1 forming adjectives meaning 'abounding in, characterized by, of the nature of' (envious; glorious; mountainous; poisonous).
2 Chem. denoting a state of lower valence than the corresponding word in -ic (ferrous).
-ously suffix forming adverbs. -ousness suffix forming nouns.
Etymology: from or after AF -ous, OF -eus, f. L -osus

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1. a suffix forming adjectives that have the general sense "possessing, full of" a given quality (covetous; glorious; nervous; wondrous); -ous and its variant -ious have often been used to Anglicize Latin adjectives with terminations that cannot be directly adapted into English (atrocious; contiguous; garrulous; obvious; stupendous). As an adjective-forming suffix of neutral value, it regularly Anglicizes Greek and Latin adjectives derived without suffix from nouns and verbs; many such formations are productive combining forms in English, sometimes with a corresponding nominal combining form that has no suffix; cf. -fer, -ferous; -phore, -phorous; -pter, -pterous; -vore, -vorous.
2. a suffix forming adjectival correspondents to the names of chemical elements; specialized, in opposition to like adjectives ending in -ic, to mean the lower of two possible valences (stannous chloride, SnCl2, and stannic chloride SnCl4).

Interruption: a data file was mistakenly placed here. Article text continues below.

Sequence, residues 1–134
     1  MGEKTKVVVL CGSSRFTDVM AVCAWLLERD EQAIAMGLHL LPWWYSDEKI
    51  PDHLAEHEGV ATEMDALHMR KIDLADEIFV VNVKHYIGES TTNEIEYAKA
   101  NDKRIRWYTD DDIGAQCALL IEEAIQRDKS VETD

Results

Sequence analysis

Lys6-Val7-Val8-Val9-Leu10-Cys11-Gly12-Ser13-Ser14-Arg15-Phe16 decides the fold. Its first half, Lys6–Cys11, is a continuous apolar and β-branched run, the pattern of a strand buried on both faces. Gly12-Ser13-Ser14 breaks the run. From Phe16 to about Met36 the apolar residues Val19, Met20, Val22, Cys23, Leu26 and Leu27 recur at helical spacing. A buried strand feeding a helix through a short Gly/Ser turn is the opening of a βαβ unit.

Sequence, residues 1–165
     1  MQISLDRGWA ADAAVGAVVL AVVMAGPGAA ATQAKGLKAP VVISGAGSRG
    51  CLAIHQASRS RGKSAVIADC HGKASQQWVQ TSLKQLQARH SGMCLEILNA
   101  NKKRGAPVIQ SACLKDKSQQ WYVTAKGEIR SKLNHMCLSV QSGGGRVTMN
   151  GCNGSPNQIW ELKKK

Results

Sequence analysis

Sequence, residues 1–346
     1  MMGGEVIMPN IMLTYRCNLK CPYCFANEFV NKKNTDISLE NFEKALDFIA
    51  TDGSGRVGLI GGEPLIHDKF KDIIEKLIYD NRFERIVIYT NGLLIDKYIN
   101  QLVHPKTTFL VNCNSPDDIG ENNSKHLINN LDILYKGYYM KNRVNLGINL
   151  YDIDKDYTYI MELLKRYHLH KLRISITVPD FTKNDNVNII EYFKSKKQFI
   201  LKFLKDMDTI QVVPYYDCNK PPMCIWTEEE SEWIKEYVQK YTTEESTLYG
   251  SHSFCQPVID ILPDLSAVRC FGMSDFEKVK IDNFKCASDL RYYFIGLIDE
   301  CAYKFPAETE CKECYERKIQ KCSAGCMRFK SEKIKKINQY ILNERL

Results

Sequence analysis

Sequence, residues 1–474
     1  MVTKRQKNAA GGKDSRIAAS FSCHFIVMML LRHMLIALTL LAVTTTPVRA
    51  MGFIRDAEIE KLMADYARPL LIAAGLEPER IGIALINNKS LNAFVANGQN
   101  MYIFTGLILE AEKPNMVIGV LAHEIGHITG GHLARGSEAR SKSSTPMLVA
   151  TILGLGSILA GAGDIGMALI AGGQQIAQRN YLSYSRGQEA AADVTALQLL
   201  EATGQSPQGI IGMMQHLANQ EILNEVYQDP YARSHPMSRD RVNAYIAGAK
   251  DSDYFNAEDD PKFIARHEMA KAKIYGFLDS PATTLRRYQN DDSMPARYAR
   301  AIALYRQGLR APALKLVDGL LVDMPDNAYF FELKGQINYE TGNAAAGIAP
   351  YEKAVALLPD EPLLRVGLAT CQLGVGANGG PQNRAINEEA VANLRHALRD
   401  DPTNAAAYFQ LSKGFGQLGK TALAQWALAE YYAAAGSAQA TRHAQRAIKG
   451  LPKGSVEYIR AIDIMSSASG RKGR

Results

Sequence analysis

[ME < AF, OF < L -osus; a doublet of -OSE1]

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-ous /-əs/
1. Forming adjectives denoting: character, quality or nature, as in marvellous
2. An element in its lower valency, as in sulphurous (chem)
ORIGIN: L -osus

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suffix added to nouns to form adjectives.
1. having _____; having much _____; full of _____: »

Famous = having much fame. Joyous = full of joy.

2. characterized by _____: »

Zealous = characterized by zeal.

3. having the nature of _____: »

Murderous = having the nature of murder. Idolatrous = having the nature of an idolater.

4. of or having to do with _____: »

Monogamous = having to do with monogamy.

5. like _____: »

Thunderous = like thunder.

6. committing or practicing _____: »

Bigamous = practicing bigamy.

7. inclined to _____: »

Blasphemous = inclined to blasphemy.

8. Chemistry. indicating the presence in a compound of the designated element in a lower valence than indicated by the suffix -ic. Stannous means containing tin in larger proportions than a corresponding stannic compound.
[< Old French -os, -us < Latin -ōsus. -ous is often used to represent the Latin adjective ending, -us, as in Latin omnivorus omnivorous, or the Greek adjective ending, -os, as in Greek anōnymos anonymous]

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suffix forming adjectives
1) characterized by; of the nature of

dangerous | mountainous

2) Chemistry denoting an element in a lower valence